This detection scheme has the advantage with respect to a CCD that optical cross-talk between the different fluorescence channels is strongly reduced.23 This is essential when deep imaging is performed and cross-talk artifacts may completely destroy the image quality.20 For this reason, in order to reconstruct a single output image with a 16 PMT microscope, it is crucial that the PMTs are equalized to the output intensity for identical input brightness. The PMTs of the detection system have been optimized for measurements of calcium dynamics in thick tissue samples and then used for the first time for imaging of acute cardiac slices. The choice of a detection scheme exploiting parallel detection performed by an array of PMTs was essential to allow deep imaging, avoiding cross-talk artifacts. However, each PMT is an independent component having different gain efficacies. To compensate for the intrinsic differences of individual PMTs, all the tubes can be equalized by independently adjusting gain and offset. The signal level can be equalized within 1%, thus compensating any source of nonuniformity in the excitation/detection path. Notwithstanding these adjustments, perfect equalization of the PMTs could not be obtained by us and others, likely due to the inherent differences in the noise level characteristic of each PMT.
Here, we showed that the multispot scanning system applied to a multiphoton microscope greatly improves its temporal resolution without worsening the spatial resolution.
First, we characterized microscope resolution by calculating radial and axial resolutions in a thick tissue phantom. This allowed us to verify that the laser could penetrate deep enough inside the cardiac tissue without losing the contrast; this is important for our study because we need to enter inside the sample for at least (around two to three cells) to overcome the surface directly damaged by the cutting procedure. It has to be considered that all the -imaging experiments were performed below the slice surface, where we also measured the PSF, in order to overcome the cell layers suffering from secondary dysfunctions.
Once assessed, the microscope resolution of the experimental model of acute ventricular slices of murine heart has been implemented and optimized for imaging measurements in wide myocardial areas.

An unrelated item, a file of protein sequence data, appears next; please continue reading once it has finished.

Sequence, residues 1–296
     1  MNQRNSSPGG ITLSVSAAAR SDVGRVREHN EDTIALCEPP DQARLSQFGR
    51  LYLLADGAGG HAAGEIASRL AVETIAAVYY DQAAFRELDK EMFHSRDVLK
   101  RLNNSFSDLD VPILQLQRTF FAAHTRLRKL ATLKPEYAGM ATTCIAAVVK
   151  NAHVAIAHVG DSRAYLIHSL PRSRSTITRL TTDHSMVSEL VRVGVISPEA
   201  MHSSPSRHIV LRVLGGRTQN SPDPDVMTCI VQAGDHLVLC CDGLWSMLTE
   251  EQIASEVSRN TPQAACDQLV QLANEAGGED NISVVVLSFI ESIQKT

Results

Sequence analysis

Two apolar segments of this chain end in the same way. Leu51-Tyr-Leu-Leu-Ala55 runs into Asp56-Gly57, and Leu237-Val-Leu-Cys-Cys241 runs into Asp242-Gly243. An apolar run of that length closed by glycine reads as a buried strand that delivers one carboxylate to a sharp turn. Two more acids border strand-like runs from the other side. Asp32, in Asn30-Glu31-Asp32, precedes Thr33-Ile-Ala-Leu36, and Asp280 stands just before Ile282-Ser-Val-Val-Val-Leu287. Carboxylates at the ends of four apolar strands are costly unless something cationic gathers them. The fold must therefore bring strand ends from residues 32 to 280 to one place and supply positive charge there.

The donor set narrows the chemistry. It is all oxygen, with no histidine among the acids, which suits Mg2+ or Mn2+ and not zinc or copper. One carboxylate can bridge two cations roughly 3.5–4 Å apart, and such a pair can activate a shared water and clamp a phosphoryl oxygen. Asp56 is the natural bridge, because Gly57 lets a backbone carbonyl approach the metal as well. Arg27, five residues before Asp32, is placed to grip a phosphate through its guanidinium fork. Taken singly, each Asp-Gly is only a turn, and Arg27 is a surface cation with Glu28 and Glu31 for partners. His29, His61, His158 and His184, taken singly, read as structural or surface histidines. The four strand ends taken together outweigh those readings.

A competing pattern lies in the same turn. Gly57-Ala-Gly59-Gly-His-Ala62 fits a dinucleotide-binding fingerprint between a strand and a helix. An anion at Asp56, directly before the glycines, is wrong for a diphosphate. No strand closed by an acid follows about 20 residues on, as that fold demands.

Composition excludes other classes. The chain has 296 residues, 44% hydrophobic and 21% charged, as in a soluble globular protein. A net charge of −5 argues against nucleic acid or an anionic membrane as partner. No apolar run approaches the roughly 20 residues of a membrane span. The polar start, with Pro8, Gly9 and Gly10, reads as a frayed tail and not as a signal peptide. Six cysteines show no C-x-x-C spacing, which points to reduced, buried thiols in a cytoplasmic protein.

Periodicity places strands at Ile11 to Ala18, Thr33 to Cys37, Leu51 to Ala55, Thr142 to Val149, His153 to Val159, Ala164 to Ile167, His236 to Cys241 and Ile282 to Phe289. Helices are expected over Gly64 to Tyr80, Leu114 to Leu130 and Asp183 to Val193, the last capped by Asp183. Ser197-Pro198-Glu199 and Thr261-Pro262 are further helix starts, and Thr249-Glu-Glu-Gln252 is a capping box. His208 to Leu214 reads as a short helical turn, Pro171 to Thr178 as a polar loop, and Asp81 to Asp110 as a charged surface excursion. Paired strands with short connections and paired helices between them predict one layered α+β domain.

The feasibility of ventricular heart slices has already been reported;18,19 nonetheless, this model has been previously used to monitor electrophysiological parameters and as a useful model for pharmacological drug testing,24 but much less for imaging. Acute myocardial slices are a good model for fluorescence imaging because they associate the ease of the bidimensional exposition of cells under the objective with the intrinsic complex network of a 3-D tissue. A limitation in the use of murine heart slices for prolonged physiological measurements may relate to oxygen diffusion in the tissue. To reduce the impact of such a problem, we have perfused the tissue slice on both sides and used short stimulation protocols at room temperature, as suggested by Barclay with respect to a similar cardiac tissue preparation.25
In this work, we showed that an MMM can be exploited not only for morphological studies in thick tissues as previously reported,23 but also to study secondary messengers in tissue preparations or whole organs.
As we showed, the possibility to acquire full images at 16 Hz without worsening the spatial resolution opens new possibilities for studies of dynamics in intact tissues including the heart. Specifically, in cardiomyocytes physiology, releases of from the SR, sparks, are fundamental in the excitation–contraction coupling.22 Moreover, abnormal releases from the SR have been associated with different channelopathies,26,27 and the possibility of studying subcellular events in the intact tissue is now possible with a full-frame approach allowing the detection of macrosparks, waves, and rotors.
The use of TPE in cardiovascular research is increasing, and the need of methodological improvement is arising.21,28 The properties of MMM will enable the investigation of fast occurring -dependent signals in living cells within intact tissues, thus expanding the methodological toolkit for fluorescence imaging which, in the last 20 years, has become an experimental technique increasingly used in biomedical research.29